Mobile Marketing Gets Complicated Again
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Mobile Marketing Gets Complicated - Again

5 minute read
Tom Murphy avatar

It seems most mobile marketers have arrived at the conclusion that "responsive design is just fine fornow."

Well, maybe not.

Yes, it's easier and cheaper. But there's a growing consensus that apps must vary from desktop to tablet to phone. And now there are de riguer "contextual" considerations, likelocation, channel hopping, local time and language. In short, mobile marketing has again gotten very complicated, very quickly.

All this and more was the focus of an April 24 webinar produced by CMSWire and SDL. Lou Casal, senior directorof product marketing for SDL, and the company's vice president for mobile,Phillip Clement. Together, they served-up a soup-to-nuts look at the factors thatmarketers need to consider to "Deliver Best in Class Mobile CustomerExperiences."

Know Thy Customer

They began with a deep dive into the importance of understanding yourcustomer -- a true challenge on an enterprise level when your best customers may be movingbetween desktop and tablet and phone several times a day. Marketers who can keep pace with those customers have a distinct advantage.

"When we're in this noisy, chaotic environment, if someone understandswho you are, where you are, what you're doing, they understand you in ourcontext for interactive marketing," said Casal. "They understand yourdevice. They understand the things you trust or don't trust. They understand theindividual."

That level of understanding raises the very nature of the relationshipbetween marketer and customer, he said. "When someone understands me atthis level, I usually describe them as a friend or family member," Casaladded. "This is where the marketers really get to shine -- when they thinkabout things from an outside-in perspective."

Casal pointed to recentfindings by Forrester Research that identifies "where customerexperience fits into your overall mix. It's more than just good customerservice across all the touch points," he said.

Context and Content

Content is "the foundation" for this relationship, but context isjust as critical. If you seek success in the age of the customer, Clementsaid, you must have a context strategy.  Or as Casal put it: "Ifcustomer experience is what drives success, context drives customerexperience."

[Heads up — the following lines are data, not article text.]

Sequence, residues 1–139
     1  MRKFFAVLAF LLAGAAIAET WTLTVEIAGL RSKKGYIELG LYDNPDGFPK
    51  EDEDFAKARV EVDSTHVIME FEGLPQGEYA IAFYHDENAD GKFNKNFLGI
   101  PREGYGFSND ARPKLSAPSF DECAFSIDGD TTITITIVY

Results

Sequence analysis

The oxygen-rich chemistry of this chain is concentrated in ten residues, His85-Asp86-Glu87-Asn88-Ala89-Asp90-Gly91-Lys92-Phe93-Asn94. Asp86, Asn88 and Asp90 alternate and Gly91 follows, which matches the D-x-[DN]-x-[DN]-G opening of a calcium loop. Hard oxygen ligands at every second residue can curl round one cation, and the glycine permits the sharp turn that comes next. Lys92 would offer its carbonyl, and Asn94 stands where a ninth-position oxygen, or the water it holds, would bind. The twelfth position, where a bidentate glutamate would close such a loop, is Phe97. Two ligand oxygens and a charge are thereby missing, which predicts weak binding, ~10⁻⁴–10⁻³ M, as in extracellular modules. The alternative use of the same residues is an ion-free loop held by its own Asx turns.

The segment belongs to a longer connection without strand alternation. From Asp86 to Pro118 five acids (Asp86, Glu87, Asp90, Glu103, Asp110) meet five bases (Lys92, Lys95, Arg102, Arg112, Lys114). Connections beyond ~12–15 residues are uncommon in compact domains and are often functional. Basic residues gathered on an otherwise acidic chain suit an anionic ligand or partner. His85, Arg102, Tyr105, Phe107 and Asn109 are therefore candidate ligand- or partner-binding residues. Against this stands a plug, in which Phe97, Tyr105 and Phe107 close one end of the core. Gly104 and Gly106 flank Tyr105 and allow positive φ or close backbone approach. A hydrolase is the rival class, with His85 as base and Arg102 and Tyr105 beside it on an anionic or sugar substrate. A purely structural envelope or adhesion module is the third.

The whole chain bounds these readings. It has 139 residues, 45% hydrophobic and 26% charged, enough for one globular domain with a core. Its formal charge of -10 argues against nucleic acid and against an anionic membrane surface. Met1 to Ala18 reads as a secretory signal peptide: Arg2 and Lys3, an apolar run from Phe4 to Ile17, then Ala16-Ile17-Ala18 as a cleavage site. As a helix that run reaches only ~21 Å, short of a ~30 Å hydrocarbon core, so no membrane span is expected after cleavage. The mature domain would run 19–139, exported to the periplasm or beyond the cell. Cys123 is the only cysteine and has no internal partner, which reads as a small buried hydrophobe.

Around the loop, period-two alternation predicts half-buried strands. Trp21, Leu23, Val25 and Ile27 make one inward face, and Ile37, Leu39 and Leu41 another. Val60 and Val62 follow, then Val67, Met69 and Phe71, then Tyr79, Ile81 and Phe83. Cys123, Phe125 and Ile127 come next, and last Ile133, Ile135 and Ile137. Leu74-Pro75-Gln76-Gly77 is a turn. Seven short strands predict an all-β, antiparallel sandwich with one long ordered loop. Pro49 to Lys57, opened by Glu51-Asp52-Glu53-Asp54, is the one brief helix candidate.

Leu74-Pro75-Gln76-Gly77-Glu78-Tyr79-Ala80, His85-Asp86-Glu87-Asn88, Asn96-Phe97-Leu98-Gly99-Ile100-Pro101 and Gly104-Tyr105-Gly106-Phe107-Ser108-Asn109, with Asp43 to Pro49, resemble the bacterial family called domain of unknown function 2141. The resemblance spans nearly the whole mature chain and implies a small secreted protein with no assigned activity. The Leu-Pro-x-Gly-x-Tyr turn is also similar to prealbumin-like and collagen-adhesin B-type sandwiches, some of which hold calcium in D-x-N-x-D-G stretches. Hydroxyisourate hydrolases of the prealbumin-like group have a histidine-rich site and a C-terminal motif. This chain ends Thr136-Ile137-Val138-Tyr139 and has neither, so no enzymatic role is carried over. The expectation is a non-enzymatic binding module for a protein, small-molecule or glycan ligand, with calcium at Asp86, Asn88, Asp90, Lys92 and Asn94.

This requires marketers to think like customers so that they trulyunderstand what kind of experience the customer is having. It's no longer enoughto design a mobile app that meets the company's needs. That app needs to servethe customer's needs.

"Technical people and marketing people really haveto join hands and get together and step into the shoes of their customers,"said Clement. Marketers have to ask themselves "how does this feel" tothe customer.

OK. Fair enough. But haven't we already been through this? Isn't this justpersonalization? Clement had a question for that:

"I would say it goes beyond that. When you look at the research,you see the research is saying the customer's mobility -- their mobility tomove from channel to channel, to use devices, to take control of their journeythrough that whole buying process -- means that the customer is king. Thecustomer has power. We really are now in the age of the customer."

Not There Yet

For the most part, the audience seemed to know they must improve the elementsof their mobile programs, and they had far-flung responses in assessing theportions of their mobile experiences that need the most help. In a poll takenduring the webinar, they were fragmented on the priority of fixing fivecontextual elements: location, faster pages, bespoke mobile content, richmedia and content targeting. And 12 percent admitted they weren't even ready toanswer that question.

Learning Opportunities

"When you're looking at all these different factors at being able tofine-tune the context, some of it requires knowledge, data and insight, and someof it is just being able to properly plan for what that experience should bewith these in mind as key factors," Casal said.

sdl-webinar-customer exp.jpg

Optimizing the mobile experience actually starts with optimizing the webexperience, Casal said. "If we don't have it really solid on the web side,it really begins to impact our ability to engage our customer when we starttalking about mobile as the predominant channel."

After the web is optimized to enhance the customer experiencewith a blend of content brokers, data, segmentation, target and content, the optimization process starts anew for mobile. Simply cramming that very rich web experienceonto a 3-inch screen through responsive design won't work. 

Framing the Message

For mobile, it's critical to assess your presence through consistency withthe brand messages of other channels, but doing it in a way that respects thescreen-size, navigation tools, load times and other limitations of mobile. Casalasked, "Are you using the screen the right way?"

Geo-location is a two-edged sword, giving marketers the opportunity topitch customers in the right place at the right time, but also givingmarketers a chance to scare them away. "This is great when you have therelationship with customers," Casal said. "It's creepy when youdon't."

To be sure, the two men agreed marketers will have to invest cold,hard cash to make the most of mobile. It's not cheap.

There's so much more that mobile enables -- the use of gestures and swipesand cameras to enhance security and actions, for example. "We're learningevery day," said Clement. "The world is your oyster when you'retalking about mobile ... The opportunity is so exciting."

Title image by Sarah2 / Shutterstock. Graphic provided by SDL.